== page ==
The defence for David Needham argued that he had pleaded guilty and received financial assistance from his mother, owing to benefit sanctions.

The court fined him £120 and ordered him to pay £85 for costs and a £95 victim surcharge.

 

The post GUILTY: racist who called Muslim postmaster a ‘nonce’ and the P-word appeared first on TELL MAMA.

Categories: hate crime, Newcastle, News

JAILED: racist carved swastikas into walls and subjected officers to racism

The racist who carved swastikas into walls with a knife and subjected police officers to racist abuse was jailed yesterday (May 5).

54-year-old Andy Koseda appeared at Snaresbrook Crown Court for sentencing following an earlier guilty plea.

On February 15, Met Police officers responded to a call at Westfield shopping centre in Stratford in east London.

Koseda caused damage to several walls after using a knife to carve swastikas into them – the Met Police statement does not specify the cost of the damage caused by such racist vandalism.

When attending officers detained Koseda, he made threats of violence and subjected them to racist abuse.

The prison sentence handed down will run for two years and six months for threats towards a person with a knife in a public place, racially aggravated harassment, criminal damage, possession of a knife, and threatening language to cause harassment.

 

 

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Categories: hate crime, London, News, Stratford, Swastika

Police investigating neo-Nazi “Great Replacement” stickers in Birmingham

West Midlands Police are investigating a series of white supremacist stickers pushing the racist so-called “Great replacement” conspiracy in parts of Birmingham, Tell MAMA can reveal.

A member of the public contacted us after finding one such sticker near Birmingham Central Mosque before safely removing it.

To not give the neo-Nazi(s) responsible additional propaganda, we are declining to reveal the entire contents of the sticker as the investigation remains ongoing.

But we will, however, state the racist language of the text does indeed push dangerous conspiracies about demographic change and that Islam will “dominate”. Three days ago, a different racist sticker surfaced on Telegram, including the line “national white minority by 2050”, appearing in an undisclosed area of Birmingham.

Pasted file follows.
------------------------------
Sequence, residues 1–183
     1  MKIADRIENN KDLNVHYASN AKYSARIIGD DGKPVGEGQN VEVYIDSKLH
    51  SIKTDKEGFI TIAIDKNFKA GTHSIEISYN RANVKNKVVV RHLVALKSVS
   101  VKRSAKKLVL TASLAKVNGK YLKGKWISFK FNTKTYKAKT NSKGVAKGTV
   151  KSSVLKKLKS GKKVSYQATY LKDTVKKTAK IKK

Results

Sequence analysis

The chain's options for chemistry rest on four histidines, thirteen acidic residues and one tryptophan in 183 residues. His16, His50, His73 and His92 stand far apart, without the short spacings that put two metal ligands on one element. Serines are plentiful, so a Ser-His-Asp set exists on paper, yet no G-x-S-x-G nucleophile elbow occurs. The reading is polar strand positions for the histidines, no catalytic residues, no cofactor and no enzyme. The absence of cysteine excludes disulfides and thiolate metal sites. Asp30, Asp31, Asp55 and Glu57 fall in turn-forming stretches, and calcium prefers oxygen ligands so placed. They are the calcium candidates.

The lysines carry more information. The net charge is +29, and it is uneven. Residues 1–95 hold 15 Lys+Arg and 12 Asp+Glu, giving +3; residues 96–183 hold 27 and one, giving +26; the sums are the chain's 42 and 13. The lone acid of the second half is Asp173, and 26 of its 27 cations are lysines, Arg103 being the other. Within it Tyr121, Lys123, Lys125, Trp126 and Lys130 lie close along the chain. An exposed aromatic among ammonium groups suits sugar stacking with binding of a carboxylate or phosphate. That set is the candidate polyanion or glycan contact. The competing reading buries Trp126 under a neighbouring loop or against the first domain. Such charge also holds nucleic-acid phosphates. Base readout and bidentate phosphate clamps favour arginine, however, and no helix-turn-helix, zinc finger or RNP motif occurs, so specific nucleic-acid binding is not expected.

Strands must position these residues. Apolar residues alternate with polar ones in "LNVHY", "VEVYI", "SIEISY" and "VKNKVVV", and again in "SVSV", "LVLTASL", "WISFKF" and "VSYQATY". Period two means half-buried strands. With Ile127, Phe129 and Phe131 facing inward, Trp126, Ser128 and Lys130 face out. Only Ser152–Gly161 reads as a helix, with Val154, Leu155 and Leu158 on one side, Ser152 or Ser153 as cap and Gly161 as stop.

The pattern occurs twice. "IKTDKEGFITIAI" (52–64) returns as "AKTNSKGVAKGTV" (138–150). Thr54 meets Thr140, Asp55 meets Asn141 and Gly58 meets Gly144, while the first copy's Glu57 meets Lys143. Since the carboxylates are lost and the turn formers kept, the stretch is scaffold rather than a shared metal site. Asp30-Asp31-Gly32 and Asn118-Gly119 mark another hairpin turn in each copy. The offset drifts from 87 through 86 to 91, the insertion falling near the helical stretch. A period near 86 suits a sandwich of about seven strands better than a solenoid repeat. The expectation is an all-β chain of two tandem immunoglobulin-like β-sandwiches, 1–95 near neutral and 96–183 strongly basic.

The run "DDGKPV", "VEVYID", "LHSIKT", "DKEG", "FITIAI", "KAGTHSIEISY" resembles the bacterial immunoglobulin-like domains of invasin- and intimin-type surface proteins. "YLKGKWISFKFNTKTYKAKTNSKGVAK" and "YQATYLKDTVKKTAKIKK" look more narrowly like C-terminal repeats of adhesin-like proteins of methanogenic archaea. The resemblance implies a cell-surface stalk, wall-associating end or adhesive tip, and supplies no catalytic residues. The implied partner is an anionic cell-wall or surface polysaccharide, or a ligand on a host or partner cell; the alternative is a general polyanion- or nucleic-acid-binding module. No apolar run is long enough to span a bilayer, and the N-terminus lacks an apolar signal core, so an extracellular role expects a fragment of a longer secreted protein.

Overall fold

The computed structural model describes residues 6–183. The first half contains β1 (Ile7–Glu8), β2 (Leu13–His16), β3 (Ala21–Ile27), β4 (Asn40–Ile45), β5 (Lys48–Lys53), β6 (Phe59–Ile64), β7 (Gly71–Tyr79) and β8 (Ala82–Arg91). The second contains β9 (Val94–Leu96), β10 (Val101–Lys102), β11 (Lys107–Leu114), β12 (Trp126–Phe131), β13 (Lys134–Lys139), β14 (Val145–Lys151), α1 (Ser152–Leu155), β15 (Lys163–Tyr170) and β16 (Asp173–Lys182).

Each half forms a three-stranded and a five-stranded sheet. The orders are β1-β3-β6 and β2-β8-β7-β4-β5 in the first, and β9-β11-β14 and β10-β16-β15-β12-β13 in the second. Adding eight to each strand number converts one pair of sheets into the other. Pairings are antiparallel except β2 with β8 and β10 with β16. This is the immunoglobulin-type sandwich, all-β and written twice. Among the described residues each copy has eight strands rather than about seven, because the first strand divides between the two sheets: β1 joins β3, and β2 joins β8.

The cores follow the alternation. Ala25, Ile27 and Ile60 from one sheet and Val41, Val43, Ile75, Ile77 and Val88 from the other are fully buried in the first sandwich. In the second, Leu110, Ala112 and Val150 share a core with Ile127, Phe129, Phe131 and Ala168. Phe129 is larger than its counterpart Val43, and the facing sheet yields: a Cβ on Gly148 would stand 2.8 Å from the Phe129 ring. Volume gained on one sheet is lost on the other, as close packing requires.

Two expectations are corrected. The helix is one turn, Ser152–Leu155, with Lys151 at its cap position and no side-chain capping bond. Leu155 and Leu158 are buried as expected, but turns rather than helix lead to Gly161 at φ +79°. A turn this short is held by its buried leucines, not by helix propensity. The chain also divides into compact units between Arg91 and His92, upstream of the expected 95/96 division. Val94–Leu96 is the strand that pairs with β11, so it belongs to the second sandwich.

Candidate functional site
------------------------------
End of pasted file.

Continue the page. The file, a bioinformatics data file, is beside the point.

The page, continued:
Our investigation of the social media accounts suggests that those responsible have also targeted areas like Digbeth in recent weeks.

We have, on several occasions, flagged content on Instagram under its Hate Speech guidelines, but so far, the platform has not acted.

Anyone can report graffiti in public areas on bins, benches, and public buildings to their local council, as with flyposting, which stickers constitute. For Birmingham City Council, it states that “If the fly-posting is racist or offensive, we will usually remove it within 1 working day”, – but that may vary based on the local authority in question.

Councils, however, will not remove graffiti or flyposting on private land or property – including cabinets owned by Virgin Media or BT (which means contacting the companies directly).

If you encounter such racist materials, take a photo and inform the police on 101 or online via TrueVision. Tell MAMA welcomes such reports and can report on your behalf or anonymously.

Remove stickers with a household key or similar object if you feel confident and it is safe to do so.

You can get advice from our confidential and free helpline on 0800 456 1226. Or through our free iOS or Android apps. Report through our online form. Or message us on WhatsApp on 0734 184 6086 or message us on Twitter or Facebook by following @tellmamauk.

 

 

 

The post Police investigating neo-Nazi “Great Replacement” stickers in Birmingham appeared first on TELL MAMA.

Categories: Birmingham, Far Right groups, graffiti, Neo-Nazi, News, sticker